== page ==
The Case for Christmas: A Journalist Investigates the Identity of the Child in the Manger (Cases for Christianity)
Let me start by saying that I’ve never found much inspiration in Strobel’s “The Case for …” series. It feels to me like he demeans the beauty and mystery of Christianity by trying to bring it down to earth, proving the unprovable. B ...more
The Case for Christmas is his document that sets out to examine and determine the truth about the Virgin Birth of Christ in a little town called Bethlehem. He proceeds to interview several people who will help him to document whether or no ...more
The Case For Christmas is a fairly short book (96 pages) and is an easy read even though the content is not at all simplistic. Using his investigative reporting background, Lee Strobel seeks to answer the question, “Can we really trust the biographies of Jesus to tell us the true story of His birth, life, teachings, miracles, death, and ultimate re ...more
After he writes an article about the family, he visits them again to find that generous people have showered them with money and gifts. He is even m ...more
I picked The Case for Christmas up for free on Amazon.com as a Kindle e-book. For a freebie, this is a solid introduction to Lee Strobel and his style. But, if you purchase this book as a stand-alone book at the regular price of $1.99 it has issues.
Issue #1. This book is a essentially an edited, truncated version of Lee Strobel's signature book, The Case for Christ . Now, I like The Case for Christ because it is very thorough and includes a lot o ...more
From the Book:
Who was in the manger that first Christmas morning? Some say he would become a great moral leader, others, a social critic. Still others view Jesus as a profound philosopher, a rabbi, a feminist, a prophet, and more. Many are convinced he was the divine Son of God.
Who was he—really? And how can you know for sure?
Consulting experts on the Bible, archaeology, and messianic prophecy, award-winning legal journalist Lee Strobel searches out the true identity of the child in the manger. ...more
Who was in the manger that first Christmas morning? Some say he would become a great moral leader. Others, a social critic. Still others view Jesus as a profound philosopher, a rabbi, a feminist, a prophet, and more. Many are convinced he was the divine Son of God. Who was he really? And how can you know for sure? Consulting experts on the Bible, archaeology, and messianic prophecy, Lee Strobel searches out the true identity of the child in the manger. Join him as he asks the toug ...more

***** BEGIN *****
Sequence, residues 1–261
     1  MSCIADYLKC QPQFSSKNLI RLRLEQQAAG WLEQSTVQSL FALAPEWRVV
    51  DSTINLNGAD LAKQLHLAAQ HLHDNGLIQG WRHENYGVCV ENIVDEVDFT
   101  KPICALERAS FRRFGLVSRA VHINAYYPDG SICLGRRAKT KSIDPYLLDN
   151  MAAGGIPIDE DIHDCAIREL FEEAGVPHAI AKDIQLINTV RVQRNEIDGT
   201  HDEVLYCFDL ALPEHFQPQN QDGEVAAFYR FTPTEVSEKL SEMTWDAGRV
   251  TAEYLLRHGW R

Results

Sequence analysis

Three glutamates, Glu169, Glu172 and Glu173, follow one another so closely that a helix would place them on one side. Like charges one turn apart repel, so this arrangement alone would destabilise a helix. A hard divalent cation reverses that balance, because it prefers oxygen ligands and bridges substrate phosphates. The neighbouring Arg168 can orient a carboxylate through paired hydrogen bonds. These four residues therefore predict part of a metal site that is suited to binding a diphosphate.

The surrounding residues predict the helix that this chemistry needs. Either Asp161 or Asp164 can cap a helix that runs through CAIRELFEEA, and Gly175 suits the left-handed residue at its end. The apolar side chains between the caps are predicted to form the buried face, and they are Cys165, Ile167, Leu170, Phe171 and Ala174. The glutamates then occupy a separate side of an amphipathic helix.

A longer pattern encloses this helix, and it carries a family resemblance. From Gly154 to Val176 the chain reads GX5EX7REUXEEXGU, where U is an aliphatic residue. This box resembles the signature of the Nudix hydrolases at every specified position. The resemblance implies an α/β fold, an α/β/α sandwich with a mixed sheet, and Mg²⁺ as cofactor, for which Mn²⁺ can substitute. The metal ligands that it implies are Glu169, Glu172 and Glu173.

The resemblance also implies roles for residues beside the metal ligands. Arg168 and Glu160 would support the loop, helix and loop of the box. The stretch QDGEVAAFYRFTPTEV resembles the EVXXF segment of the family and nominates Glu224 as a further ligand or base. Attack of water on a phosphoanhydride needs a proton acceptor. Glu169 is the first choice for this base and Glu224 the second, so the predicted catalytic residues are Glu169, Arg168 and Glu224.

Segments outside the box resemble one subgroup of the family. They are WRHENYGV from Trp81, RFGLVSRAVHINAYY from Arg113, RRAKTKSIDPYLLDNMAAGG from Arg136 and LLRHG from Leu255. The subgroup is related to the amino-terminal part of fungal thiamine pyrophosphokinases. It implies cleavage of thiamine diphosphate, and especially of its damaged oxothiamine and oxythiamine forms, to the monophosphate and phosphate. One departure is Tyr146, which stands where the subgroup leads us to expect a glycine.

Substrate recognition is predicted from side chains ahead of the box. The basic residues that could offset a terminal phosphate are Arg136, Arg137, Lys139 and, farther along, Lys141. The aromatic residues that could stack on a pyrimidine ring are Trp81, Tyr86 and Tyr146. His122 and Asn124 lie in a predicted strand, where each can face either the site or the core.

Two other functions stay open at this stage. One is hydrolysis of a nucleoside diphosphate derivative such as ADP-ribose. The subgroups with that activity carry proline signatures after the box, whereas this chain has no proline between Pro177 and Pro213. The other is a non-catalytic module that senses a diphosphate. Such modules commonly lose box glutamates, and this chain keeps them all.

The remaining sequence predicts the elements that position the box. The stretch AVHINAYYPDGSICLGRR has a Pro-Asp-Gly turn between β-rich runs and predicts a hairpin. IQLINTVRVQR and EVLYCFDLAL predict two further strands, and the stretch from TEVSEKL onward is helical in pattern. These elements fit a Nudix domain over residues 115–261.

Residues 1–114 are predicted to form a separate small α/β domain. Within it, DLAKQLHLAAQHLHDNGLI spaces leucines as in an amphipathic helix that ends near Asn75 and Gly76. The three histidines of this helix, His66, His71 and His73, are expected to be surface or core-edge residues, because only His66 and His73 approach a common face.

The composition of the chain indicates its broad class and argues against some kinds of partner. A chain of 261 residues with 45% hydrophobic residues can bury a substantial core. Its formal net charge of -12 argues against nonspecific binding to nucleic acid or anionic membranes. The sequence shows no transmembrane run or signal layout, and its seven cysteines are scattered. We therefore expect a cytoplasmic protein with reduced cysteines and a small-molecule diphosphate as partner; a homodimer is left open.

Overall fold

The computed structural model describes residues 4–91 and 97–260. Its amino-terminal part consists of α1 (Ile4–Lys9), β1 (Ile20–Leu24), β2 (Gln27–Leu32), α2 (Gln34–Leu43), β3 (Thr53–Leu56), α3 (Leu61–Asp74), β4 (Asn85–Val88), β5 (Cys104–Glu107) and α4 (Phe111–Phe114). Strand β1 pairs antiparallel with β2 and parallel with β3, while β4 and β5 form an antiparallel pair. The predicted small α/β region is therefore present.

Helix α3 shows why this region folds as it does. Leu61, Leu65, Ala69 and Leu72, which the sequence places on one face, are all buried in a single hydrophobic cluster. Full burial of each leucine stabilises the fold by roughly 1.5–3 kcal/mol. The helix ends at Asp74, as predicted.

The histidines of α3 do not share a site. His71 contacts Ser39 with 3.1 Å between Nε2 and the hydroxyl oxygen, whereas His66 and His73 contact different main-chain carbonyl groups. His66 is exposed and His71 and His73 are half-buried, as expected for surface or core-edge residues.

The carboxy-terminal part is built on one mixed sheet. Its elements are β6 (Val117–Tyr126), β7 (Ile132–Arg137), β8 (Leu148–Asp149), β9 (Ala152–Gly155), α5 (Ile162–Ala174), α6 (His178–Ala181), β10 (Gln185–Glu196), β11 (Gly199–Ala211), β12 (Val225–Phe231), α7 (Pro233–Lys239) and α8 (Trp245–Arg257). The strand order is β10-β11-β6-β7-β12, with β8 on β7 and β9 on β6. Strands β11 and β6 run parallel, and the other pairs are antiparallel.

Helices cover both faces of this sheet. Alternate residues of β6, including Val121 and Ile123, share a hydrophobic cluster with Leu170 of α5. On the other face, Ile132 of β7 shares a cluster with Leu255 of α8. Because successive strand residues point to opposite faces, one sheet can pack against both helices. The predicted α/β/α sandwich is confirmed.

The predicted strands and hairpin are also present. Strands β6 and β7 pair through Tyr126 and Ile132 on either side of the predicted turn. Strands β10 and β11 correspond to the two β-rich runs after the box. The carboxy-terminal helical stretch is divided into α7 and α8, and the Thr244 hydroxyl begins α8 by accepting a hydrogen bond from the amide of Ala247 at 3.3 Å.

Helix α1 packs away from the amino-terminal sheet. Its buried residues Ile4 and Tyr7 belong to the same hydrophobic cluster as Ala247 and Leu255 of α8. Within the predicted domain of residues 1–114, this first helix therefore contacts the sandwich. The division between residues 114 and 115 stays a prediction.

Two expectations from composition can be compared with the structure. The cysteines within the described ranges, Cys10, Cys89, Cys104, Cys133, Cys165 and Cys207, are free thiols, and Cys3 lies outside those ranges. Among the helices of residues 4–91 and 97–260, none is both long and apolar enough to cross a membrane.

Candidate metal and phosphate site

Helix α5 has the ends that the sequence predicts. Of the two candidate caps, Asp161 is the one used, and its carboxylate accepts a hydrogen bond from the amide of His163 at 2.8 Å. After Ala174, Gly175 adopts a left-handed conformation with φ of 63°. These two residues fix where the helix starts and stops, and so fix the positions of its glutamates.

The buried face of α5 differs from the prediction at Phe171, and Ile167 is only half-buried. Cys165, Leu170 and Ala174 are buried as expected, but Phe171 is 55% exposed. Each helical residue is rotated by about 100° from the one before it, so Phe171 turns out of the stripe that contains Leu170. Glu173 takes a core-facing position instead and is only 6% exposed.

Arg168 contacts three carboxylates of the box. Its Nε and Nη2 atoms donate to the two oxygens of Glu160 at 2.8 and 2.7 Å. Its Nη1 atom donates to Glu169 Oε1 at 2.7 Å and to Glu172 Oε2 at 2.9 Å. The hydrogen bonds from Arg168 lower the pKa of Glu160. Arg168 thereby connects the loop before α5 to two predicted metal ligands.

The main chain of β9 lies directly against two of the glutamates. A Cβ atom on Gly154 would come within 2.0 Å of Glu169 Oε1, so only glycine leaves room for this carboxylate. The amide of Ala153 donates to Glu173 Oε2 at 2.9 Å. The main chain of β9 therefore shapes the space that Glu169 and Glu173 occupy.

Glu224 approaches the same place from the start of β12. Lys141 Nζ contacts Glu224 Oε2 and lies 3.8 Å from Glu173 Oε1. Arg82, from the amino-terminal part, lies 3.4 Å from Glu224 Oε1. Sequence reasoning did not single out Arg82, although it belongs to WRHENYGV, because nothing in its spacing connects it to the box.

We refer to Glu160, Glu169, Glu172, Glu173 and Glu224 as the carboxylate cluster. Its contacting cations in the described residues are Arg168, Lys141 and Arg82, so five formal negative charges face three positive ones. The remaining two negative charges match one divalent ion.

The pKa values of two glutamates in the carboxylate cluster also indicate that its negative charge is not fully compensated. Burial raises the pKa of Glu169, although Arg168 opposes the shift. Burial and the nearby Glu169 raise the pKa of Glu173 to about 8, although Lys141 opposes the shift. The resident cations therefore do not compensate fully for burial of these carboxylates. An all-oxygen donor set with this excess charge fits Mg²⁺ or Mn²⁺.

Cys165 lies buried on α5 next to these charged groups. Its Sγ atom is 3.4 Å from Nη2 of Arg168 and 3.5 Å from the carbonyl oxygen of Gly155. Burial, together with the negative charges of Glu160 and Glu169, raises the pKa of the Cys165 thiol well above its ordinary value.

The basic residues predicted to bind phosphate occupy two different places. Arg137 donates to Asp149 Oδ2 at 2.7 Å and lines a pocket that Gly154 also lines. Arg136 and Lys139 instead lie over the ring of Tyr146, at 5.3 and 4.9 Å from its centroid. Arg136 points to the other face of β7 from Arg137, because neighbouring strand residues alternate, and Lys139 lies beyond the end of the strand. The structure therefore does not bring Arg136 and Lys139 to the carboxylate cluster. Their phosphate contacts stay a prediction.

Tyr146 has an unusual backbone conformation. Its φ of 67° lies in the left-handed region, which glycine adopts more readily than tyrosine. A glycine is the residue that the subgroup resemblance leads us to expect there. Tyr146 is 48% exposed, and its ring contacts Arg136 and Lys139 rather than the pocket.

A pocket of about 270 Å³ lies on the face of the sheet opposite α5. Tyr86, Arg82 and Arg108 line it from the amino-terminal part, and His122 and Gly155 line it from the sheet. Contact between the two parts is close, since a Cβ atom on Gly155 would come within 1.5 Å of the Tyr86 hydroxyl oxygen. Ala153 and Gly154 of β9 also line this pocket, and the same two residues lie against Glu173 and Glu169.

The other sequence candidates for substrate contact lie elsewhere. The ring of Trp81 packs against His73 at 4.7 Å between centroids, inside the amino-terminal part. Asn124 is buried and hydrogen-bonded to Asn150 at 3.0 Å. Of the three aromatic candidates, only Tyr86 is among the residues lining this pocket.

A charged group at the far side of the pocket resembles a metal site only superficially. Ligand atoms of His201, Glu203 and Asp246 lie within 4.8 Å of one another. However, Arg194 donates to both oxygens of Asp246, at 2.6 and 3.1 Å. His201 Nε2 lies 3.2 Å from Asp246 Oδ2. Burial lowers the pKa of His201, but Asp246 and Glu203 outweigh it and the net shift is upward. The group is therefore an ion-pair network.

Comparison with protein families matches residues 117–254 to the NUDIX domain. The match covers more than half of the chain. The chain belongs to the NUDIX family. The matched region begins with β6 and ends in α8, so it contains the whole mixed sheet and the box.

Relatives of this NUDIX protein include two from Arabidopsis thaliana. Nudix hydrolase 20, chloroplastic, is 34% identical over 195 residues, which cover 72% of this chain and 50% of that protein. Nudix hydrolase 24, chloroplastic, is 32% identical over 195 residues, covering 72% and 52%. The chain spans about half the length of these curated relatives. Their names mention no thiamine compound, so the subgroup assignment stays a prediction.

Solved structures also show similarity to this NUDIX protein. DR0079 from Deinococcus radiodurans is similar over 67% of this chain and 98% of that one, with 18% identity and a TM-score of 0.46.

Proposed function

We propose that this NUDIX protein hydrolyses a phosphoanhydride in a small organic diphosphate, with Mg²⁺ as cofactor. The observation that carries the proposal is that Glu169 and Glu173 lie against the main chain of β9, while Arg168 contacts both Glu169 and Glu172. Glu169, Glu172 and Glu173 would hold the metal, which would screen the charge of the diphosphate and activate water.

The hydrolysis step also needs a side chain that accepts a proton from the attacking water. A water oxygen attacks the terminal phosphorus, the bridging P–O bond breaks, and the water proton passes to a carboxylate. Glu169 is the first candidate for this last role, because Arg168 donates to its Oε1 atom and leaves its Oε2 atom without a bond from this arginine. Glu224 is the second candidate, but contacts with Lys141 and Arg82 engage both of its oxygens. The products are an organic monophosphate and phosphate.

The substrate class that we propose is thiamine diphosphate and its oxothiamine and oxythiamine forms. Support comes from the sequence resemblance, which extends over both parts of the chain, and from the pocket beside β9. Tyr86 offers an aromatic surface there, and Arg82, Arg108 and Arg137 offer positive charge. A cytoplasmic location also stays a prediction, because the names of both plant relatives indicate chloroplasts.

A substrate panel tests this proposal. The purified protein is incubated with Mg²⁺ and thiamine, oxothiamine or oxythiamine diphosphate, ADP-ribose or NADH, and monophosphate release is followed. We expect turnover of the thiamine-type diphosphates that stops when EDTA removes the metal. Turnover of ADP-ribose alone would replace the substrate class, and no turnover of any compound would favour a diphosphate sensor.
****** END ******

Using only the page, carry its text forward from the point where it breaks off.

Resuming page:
Lee Strobel in his book A Case for Christ has put that same title in this ...more
A very quick read (91 pages), with lots of great discussions and insightful evidence on Jesus, the Bible and the times in which they happened. Mr. Strobel set this primarily in interview form to bring in the experts he'd talked to on various topic related subjects, but ther...more
Mr. Strobel has again written a book that is a great help in an area that is crucial to understand. Is the Christ of the Christian Scriptures who he claims to be?
Using the training he received from his degrees from Harvard, he analytically and forthrightly examines claims of the Christian message about Christmas and of Jesus Christ.
Read this book and and discover for yourself answer to one of the greatest questions in life.
This book was reminiscent of two other books ...more
28 December 2010
This is a short book written by the journalist Lee Strobel. While his main book, the Case for Christ (which I have not read) no doubt deals with what he has written here more extensively, this is still a very good and well written book outlining Strobel's investigation of who Christ was and the legitimacy of his claims. In fact, after reading this book I have developed a healthy respect for Strobel as it is clear that being a sceptic, he did not ...more
"While Carson didn't flinch, he did concede that these questions have no simple answers. After all, they strike at the very heart of the incarnation, which is what Christmas is all about -- God becoming man, spirit taking on flesh, the infinite entereting the fini ...more
"In AD 385, Pope Julius I declared December 25 as the day of celebrating Christ's birth. "He chose that date," Christian researcher Gretchen Passantino told me, "partly to challenge the pagan celebration of the Roman god Satur ...more
However, I did go into it with a slightly different view of what I'd be taking away: I was expecting something defending the dat ...more